Gaming

Madden NFL shows how to make player stats part of your marketing blitz

We all want to be recognized. Whether you’re a marketer or a professional athlete – whether the job is running ads or running routes in NFL stadiums — we all want to put our best foot forward. We put in work, and we want that work to get noticed.

Then again, no one gives much thought to the marketer’s 40 time. You aren’t likely to find any film breaking down their player ratings technique. Different jobs draw different attention. That’s why the NFL player gets sized up-and-down using every imaginable measurable – and not just by potential employers and opponents. Every Madden player has an opinion about those measurables and how the numbers translate.

As an athlete marketing partner of EA Sports, we’ve seen firsthand how effectively their team amplifies its player strategy on social media. So it’s no wonder the creators of Madden 20 and the epic video game franchise, are generating as much buzz for their calculations as they are for the game itself.

The August 2 release date had been circled on calendars for months. But it is the announcement of the game’s player ratings — on July 15 for this year’s title — that has evolved into a cultural moment. Fans anticipate the ratings reveal like an album drop. The athletes get in on the action. From Aaron Donald to Zach Wood (tight ends deserve love, TBH), the quantitative analysis of NFL player skills becomes a viral moment and a national conversation. The team at EA Sports have turned the company’s annual stock-taking of NFL players into a sprawling hot-button event.

What’s more interesting, though, is how the brand pulled it off. The Madden player ratings have been a draw for the game since 1993, when EA Sports acquired licensing rights to NFL teams and players. Gamers began studying and debating the numbers. The explosion of fantasy football and more dynamic and realistic video game play transformed armchair quarterbacks into virtual coaches and GMs. As the kids who came up playing Madden grew into actual players — at a time when social media began changing how we consume information and entertainment — the subjects of the game were suddenly some of its biggest influencers.

Less marketing blitz and more gathering storm, the player ratings phenomenon seemed a happy accident for EA Sports. But as the Madden grassroots movement spread, the players have become increasingly involved.

Now, through Twitter and Instagram, athletes have direct access to not only the fans, but also the designers of the game itself. And because we’re talking about world-class athletes, the competitive drive runs deep.

From my time in locker rooms at the University of Nebraska to the Carolina Panthers, I can personally attest that athletes compete over everything. Players will find every opportunity to take shots at their teammates’ performance on the field and the screen. At its core, it’s all in good fun and friendly competition. Moments like the Madden ratings release take typical locker room chirping and amplify it to the world.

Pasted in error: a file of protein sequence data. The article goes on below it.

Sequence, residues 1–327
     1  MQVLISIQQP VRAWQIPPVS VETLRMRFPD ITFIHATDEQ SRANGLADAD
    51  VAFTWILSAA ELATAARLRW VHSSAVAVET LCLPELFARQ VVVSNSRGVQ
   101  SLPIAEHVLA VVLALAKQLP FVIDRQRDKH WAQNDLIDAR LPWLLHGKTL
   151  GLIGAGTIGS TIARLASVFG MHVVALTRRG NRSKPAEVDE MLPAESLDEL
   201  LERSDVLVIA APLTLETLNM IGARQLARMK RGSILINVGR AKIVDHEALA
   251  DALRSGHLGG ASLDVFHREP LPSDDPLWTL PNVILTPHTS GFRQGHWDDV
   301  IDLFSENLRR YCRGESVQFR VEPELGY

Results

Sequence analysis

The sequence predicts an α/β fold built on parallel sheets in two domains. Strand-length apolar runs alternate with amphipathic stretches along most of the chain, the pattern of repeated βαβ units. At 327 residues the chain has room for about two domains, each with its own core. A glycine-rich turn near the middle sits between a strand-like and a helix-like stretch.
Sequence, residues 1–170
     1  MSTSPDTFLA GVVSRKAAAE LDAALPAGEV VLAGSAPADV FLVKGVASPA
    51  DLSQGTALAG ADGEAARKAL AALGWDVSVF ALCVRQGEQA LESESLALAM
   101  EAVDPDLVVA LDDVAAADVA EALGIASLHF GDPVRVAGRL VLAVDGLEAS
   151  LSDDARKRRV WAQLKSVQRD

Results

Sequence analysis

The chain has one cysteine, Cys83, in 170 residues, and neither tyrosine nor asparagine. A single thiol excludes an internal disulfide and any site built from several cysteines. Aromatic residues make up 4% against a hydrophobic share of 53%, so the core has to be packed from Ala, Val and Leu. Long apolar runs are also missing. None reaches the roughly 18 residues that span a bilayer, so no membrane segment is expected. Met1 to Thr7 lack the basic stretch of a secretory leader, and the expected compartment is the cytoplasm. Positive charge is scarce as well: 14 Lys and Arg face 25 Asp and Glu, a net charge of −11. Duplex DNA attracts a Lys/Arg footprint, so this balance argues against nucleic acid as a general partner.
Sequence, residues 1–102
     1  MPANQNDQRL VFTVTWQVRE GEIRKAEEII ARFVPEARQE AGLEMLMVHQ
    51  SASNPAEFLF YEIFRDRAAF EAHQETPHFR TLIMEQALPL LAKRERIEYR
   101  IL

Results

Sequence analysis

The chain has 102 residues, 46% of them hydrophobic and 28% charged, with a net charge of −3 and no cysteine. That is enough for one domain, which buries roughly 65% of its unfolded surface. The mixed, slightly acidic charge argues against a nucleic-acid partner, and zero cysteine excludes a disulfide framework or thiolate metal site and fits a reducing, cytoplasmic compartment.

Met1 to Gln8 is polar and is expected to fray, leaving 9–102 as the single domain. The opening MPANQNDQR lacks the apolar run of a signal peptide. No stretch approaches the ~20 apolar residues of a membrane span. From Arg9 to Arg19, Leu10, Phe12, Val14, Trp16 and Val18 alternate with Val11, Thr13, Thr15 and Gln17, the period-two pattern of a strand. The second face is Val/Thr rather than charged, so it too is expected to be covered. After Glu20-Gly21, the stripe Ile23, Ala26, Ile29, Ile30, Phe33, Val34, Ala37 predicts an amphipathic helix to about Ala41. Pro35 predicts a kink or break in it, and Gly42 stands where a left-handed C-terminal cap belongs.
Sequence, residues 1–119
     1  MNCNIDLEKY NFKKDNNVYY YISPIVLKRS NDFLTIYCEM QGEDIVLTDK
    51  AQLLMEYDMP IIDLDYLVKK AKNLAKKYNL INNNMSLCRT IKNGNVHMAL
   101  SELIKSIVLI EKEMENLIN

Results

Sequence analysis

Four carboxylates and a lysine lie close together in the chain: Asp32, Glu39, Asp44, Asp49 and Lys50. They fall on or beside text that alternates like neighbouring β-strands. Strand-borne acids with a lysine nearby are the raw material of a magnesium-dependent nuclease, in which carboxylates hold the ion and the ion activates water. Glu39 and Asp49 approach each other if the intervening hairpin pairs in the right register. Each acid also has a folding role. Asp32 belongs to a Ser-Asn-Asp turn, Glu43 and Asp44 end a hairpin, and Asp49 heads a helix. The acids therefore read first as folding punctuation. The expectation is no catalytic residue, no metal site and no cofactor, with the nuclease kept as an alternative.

Last year it was Jaguars running back Leonard Fournette who posted a video criticizing his player rating — which drew a tongue-in-cheek response directly from the EA Sports. This year, Tom Brady’s post poking fun at his speed rating took off, earning more than 2 million video views — more than twice that of any post from the Madden account during the same time frame. Tellingly, three of the 10 highest-performing tweets from NFL players during July were reactions to Madden ratings.

And I get it! In college, the first thing I did when the new NCAA Football game came out (Please, NCAA, let’s bring it back) was check my own “Kicking Power” rating. As a kickoff specialist, I took pride in having the strongest leg in the game. If that rating wasn’t in the high nineties, I was a little offended. It’s funny looking back, but that’s the truth.

Because of this annual groundswell, EA Sports has positioned more marketing efforts around the ratings. A webpage featuring comprehensive, sortable ratings and popular rookie features was created. EA Sports’ player ratings “trailer” draws big views. Coverage of the Madden ratings, their release and player commentary blanket the internet, from Bleacher Report to basement blogs. NFL Network, once known for its nuts-and-bolts approach, airs segments capturing player reactions to their ratings, which then get huge clicks on YouTube. EA Sports now dispatches a team of adjusters to take in ratings feedback, solicit player opinions and tweak the numbers in season – a power move that helps appease those player-influencers, drums up additional fan interest and builds greater credibility with its 175 million users worldwide. Win-win-win.

Keep in mind: Most of these developments arrived as responses to a moment of passion that sprang from outside the reach of the league or game developer. Fun, personal, real reactions rallied a customer base and planted the seed for an organically growing following and a brand that is now stronger than Ndamukong Suh (c’mon, man – only a 98 rating?!).

This full-on cultural phenomenon? It started with an entertaining product and word of mouth. But EA Sports deserves additional props for taking the ball and running with it – leveraging social media and pushing all the right buttons to encourage and amplify the message of its most powerful ambassadors – the players. That’s how you build a community.

And 175 million can’t be wrong.

Adi Kunalic (a former Nebraska kickoff specialist and NFL player) is the president and cofounder of opendorse, the social publishing platform that helps over 7,500 professional and collegiate athletes share content from partners on social. 

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PC Gaming – VentureBeat

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